As the B cell matured into a fully functioning immune system cell, much of the genetic material dropped out. And not just that: In each maturing B cell, different material dropped out. What had begun as a vast array of genetic coding sharpened into this particular, even unique, strand of genetic material.
This is complex stuff. But a pep talk: This section is as deep and important as any in describing the wonder of the human body. Dear reader, please soldier on!
Researchers, who, eventually, sought a handy way to define the nature of the genetic change to the material of genes, labeled the key genetic material in an antibody with three initials: V, D, and J.
The letter V stands for variable. The variable part of the genetic material is drawn from hundreds of genes.
D stands for diversity, which is drawn from a pool of dozens of different genes.
And J is drawn from another half dozen genes.
In an immature B cell, the strands of V, D, and J material are in separate groupings, and they are separated by a relatively massive distance. But as the cell matures, a single, random copy of V remains, along with a single each of D and J, and all the other intervening material drops out. As I began to grasp this, it helped me to picture a line of genetic material stretching many miles. Suddenly, three random pieces step forward, and the rest drops away.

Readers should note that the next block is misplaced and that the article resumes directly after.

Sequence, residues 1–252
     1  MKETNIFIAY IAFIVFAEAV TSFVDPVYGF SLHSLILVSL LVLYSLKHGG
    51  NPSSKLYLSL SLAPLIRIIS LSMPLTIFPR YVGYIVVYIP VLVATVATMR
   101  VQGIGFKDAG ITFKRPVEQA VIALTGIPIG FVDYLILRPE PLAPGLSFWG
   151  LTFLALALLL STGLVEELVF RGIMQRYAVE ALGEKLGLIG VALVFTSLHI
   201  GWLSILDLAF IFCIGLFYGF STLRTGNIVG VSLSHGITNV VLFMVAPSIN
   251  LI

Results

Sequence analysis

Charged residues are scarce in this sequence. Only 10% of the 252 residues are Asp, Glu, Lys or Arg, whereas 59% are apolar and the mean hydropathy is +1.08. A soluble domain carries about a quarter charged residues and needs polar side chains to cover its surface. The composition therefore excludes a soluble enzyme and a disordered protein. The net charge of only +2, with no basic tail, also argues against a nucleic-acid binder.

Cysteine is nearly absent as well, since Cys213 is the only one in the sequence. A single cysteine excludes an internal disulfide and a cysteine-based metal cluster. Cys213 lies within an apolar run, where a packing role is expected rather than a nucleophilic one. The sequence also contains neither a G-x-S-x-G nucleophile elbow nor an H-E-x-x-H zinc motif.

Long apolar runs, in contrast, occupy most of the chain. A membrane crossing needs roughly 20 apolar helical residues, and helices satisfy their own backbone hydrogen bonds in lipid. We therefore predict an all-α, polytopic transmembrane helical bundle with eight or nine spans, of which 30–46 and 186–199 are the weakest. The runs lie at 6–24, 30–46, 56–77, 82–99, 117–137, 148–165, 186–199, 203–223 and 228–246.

The combination of these genetic slices, grouped and condensed into a single cell, creates, by the power of math, trillions of different and virtually unique genetic codes.
In anticipation of threats from the unfathomable, our defenses evolved as infinity machines.
Or if you prefer a different metaphor, the body has randomly made hundreds of millions of different keys, or antibodies. Each fits a lock that is located on a pathogen. Many of these antibodies are combined such that they are alien genetic material—at least to us—and their locks will never surface in the human body. Some may not exist in the entire universe. Our bodies have come stocked with keys to the rarest and even unimaginable locks, forms of evil the world has not yet seen, but someday might. In anticipation of threats from the unfathomable, our defenses evolved as infinity machines.